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How truck company polices can lead to unsafe driving habits

| Jul 24, 2020 | Truck Accidents

Trucking or transportation companies usually have dozens of drivers on staff and often maintain their own fleet of vehicles. Safety should be a top priority for these companies, as their drivers could easily cause fatal crashes or unimaginable levels of property damage.

Sadly, as in many industries, there will always be bad apples in the transportation industry who put profits ahead of people and their lives. Some trucking companies have policies that directly endanger the public and may violate the law and increase the risk of a crash.

Some companies expect their drivers to stay behind the wheel for too long

Driving while fatigued is incredibly dangerous. The more tired someone feels, the more difficult driving becomes. When someone drives for a living, they could spend half a day behind the wheel, which might mean they feel very tired by the end of their shift.

Trucking companies should enforce the Hours of Service rules that limit how much truckers can drive and mandate breaks. Sadly, some companies will encourage truckers to violate these rules or may even go so far as to help truckers adjust their records about drive times in order to continue driving when it is not safe to do so.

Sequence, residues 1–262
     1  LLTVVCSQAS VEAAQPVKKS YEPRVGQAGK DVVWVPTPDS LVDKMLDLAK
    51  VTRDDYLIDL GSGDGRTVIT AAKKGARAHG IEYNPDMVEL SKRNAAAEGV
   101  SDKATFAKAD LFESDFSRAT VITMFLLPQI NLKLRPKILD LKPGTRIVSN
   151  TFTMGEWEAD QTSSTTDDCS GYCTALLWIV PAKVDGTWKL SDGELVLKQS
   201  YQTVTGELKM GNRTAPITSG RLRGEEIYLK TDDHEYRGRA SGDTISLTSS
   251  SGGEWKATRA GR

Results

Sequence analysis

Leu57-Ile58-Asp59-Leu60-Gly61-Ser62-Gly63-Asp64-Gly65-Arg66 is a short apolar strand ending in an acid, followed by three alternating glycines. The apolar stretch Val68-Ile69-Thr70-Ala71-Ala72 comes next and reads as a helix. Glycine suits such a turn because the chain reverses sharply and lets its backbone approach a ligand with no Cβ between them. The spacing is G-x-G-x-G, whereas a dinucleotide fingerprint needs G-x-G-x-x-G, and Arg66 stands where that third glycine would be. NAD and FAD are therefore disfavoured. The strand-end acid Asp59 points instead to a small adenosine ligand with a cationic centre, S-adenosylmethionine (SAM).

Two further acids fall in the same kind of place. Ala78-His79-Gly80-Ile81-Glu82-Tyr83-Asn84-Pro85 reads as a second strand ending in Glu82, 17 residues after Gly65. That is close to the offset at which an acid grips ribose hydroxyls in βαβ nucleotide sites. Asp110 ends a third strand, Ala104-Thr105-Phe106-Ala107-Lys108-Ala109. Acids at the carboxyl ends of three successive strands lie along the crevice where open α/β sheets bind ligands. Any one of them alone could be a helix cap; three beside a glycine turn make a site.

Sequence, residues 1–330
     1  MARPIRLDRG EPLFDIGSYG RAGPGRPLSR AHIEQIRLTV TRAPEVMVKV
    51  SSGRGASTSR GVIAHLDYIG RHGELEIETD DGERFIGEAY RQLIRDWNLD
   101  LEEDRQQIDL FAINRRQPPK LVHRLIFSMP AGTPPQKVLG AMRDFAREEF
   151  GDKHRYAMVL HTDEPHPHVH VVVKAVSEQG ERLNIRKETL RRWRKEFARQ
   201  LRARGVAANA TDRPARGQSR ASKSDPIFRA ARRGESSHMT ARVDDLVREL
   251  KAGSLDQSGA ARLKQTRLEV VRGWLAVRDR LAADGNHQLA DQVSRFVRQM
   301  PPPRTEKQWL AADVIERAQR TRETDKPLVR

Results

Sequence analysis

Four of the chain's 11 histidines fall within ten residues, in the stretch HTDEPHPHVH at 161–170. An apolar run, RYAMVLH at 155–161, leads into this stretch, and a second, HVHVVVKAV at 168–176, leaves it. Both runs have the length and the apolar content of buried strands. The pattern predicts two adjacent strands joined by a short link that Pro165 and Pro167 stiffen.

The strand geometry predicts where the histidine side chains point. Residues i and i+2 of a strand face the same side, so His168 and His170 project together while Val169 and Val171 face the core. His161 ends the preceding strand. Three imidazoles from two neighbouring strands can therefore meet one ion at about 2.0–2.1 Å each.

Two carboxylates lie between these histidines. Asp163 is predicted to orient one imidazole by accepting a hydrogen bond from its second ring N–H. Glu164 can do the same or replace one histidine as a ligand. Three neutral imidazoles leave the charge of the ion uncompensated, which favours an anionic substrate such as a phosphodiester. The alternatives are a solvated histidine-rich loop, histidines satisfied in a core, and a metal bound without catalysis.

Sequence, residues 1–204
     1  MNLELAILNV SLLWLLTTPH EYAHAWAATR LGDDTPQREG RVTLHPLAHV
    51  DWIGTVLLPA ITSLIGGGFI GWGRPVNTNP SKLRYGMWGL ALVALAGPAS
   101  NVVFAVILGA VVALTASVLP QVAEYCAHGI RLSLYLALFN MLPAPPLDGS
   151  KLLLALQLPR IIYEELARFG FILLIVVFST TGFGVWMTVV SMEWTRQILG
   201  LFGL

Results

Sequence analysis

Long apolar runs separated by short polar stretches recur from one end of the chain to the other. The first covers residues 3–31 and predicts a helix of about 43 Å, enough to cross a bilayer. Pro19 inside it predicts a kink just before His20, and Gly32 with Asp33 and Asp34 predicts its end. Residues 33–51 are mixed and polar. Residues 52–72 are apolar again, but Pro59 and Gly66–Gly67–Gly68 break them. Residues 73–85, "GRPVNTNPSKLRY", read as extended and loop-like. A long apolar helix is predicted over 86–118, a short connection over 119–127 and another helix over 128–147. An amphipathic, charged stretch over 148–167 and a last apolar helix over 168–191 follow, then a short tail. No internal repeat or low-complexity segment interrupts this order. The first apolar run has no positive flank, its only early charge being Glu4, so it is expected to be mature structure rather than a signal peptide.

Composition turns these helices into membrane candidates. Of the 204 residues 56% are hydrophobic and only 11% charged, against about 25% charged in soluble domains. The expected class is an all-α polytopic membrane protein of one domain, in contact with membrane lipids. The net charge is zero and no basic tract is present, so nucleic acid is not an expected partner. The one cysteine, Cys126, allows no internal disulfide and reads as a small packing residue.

Some companies cut corners on vehicle maintenance

As you might imagine, maintaining a large commercial truck is expensive and time-consuming. However, the proper function of systems like brakes and steering is of the utmost importance for the safety not only of the truck driver but everyone they encounter on the road. Companies that don’t invest in maintenance may put the public at unnecessary risk.

A company might require truckers to communicate when they shouldn’t

It isn’t safe for any driver to take their hands off the wheel, let alone someone behind the wheel of a commercial truck. There are federal rules that prohibit any manual use of a cellphone, from typing a text message to manually dialing a number.

If a company requires that truckers respond to texts or emails during their shift or if they frequently call a trucker without providing them with adequate hands-free systems, they may encourage distracted driving that leads to a crash.

When a truck company’s rules or culture are one of the causative factors for a collision, it may sometimes be possible for the victim of the crash to bring a claim against the company as opposed to the individual driver involved.

 

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